Retailers Adopt a Regenerative Mindset, Leveling Up Sustainability
One of the first times I saw a retailer divert a consumer from using a single-use plastic bag was at a certain Swedish home goods store almost 15 years ago. It was charging a few cents to use a single-use plastic bag or selling the now globally recognized oversized blue and yellow reusable bag for under a dollar.
It’s amazing to think how ubiquitous reusable bag programs have become, alongside sustainable fixtures such as solar panels and energy-efficient lighting, in retailers’ efforts to appear more “green.” But the truth is these initiatives are just the tip of the iceberg when it comes to retailer sustainability. The majority of a retailer’s sustainability footprint comes from its supply chain — more than 95 percent of its footprint, according to Scot Case, vice president of sustainability for the National Retail Federation. So, if you want to make a significant impact, this is where to focus your efforts.
Retailers are reliant on their suppliers and partners to help them rethink their total supply chain footprint, because everyone plays a role in the flow of goods. This means it’s crucial to look at the big picture to understand where there’s opportunity for more sustainable practices. Zooming out, it’s clear that the current one-way flow of goods and packaging is preventing everyone from achieving sustainable breakthroughs, and materials with a one-use or finite lifecycle are producing significant waste.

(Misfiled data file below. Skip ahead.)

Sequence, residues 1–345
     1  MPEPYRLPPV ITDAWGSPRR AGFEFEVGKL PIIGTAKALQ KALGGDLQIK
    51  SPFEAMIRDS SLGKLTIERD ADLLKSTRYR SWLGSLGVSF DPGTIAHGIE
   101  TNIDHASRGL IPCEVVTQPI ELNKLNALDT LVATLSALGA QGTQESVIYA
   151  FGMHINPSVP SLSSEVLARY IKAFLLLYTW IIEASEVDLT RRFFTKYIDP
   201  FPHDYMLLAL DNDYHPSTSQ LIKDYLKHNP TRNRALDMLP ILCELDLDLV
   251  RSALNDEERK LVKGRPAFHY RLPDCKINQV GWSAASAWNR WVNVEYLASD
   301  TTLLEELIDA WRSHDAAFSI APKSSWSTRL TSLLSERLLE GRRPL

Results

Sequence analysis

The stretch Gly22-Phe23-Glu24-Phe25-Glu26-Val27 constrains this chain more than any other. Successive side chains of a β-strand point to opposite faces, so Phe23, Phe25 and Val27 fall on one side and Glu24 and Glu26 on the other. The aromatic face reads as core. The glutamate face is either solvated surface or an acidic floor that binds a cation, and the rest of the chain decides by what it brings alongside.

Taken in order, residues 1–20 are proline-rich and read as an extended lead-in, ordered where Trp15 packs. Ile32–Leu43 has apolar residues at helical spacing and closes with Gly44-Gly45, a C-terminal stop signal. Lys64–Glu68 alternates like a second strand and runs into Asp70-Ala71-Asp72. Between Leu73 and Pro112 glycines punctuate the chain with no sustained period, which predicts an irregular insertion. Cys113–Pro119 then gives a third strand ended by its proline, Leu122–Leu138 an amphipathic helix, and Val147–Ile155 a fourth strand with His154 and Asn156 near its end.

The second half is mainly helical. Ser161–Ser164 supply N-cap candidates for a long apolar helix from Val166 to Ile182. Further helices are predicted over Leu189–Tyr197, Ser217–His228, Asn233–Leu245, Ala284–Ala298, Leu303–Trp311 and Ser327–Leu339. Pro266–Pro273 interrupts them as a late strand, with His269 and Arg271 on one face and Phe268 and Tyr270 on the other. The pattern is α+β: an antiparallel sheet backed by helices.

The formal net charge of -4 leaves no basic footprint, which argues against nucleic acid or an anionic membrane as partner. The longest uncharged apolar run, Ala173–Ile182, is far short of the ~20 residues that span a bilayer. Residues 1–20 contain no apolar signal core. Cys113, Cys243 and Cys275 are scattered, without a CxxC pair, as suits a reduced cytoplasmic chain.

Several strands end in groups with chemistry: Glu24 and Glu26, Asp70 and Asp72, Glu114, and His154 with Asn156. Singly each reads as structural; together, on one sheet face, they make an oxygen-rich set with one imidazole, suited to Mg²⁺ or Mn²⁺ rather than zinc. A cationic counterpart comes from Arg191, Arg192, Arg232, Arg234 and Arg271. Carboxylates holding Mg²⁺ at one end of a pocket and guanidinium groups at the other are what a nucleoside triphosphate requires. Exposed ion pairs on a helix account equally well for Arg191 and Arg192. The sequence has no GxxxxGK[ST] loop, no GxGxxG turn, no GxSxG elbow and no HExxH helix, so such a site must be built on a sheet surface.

To revolutionize this one-way system and level up sustainability in the supply chain, it’s time to shift to a regenerative perspective. This approach has led to an explosion of interest in the massive environmental benefits of a circular economy, where the resources used to manufacture and transport goods are selected with recyclability/reusability in mind. Instead of reaching a dead end at a landfill or being broken up and pumped into our atmosphere, resources simply reinsert in the supply chain all over again. By creating this regenerative loop, partners across the supply chain reduce their footprint and build a circular economy of the future.
Why is Circular an Imperative?
At a high level, the answer is “everyone expects more.” A recent survey conducted by the University of Pennsylvania found that two out of three consumers across generations are willing to spend more on sustainable products while two out of three retail executives believe they won’t. I often hear stories about millennials and Gen Z’s pushing for more sustainable products, but they’re far from alone — 90 percent of Gen X consumers are willing to pay an extra 10 percent, according to the report.